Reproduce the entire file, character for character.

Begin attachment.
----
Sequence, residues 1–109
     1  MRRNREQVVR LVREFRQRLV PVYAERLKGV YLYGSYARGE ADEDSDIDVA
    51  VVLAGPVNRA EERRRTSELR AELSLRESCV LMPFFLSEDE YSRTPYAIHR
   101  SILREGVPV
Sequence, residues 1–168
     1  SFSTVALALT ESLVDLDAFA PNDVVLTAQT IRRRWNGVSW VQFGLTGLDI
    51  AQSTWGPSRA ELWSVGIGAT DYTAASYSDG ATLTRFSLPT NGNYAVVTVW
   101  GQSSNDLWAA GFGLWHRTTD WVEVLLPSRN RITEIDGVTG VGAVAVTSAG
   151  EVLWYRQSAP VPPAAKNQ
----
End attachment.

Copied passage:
Sequence, residues 1–109
     1  MRRNREQVVR LVREFRQRLV PVYAERLKGV YLYGSYARGE ADEDSDIDVA
    51  VVLAGPVNRA EERRRTSELR AELSLRESCV LMPFFLSEDE YSRTPYAIHR
   101  SILREGVPV
Sequence, residues 1–168
     1  SFSTVALALT ESLVDLDAFA PNDVVLTAQT IRRRWNGVSW VQFGLTGLDI
    51  AQSTWGPSRA ELWSVGIGAT DYTAASYSDG ATLTRFSLPT NGNYAVVTVW
   101  GQSSNDLWAA GFGLWHRTTD WVEVLLPSRN RITEIDGVTG VGAVAVTSAG
   151  EVLWYRQSAP VPPAAKNQ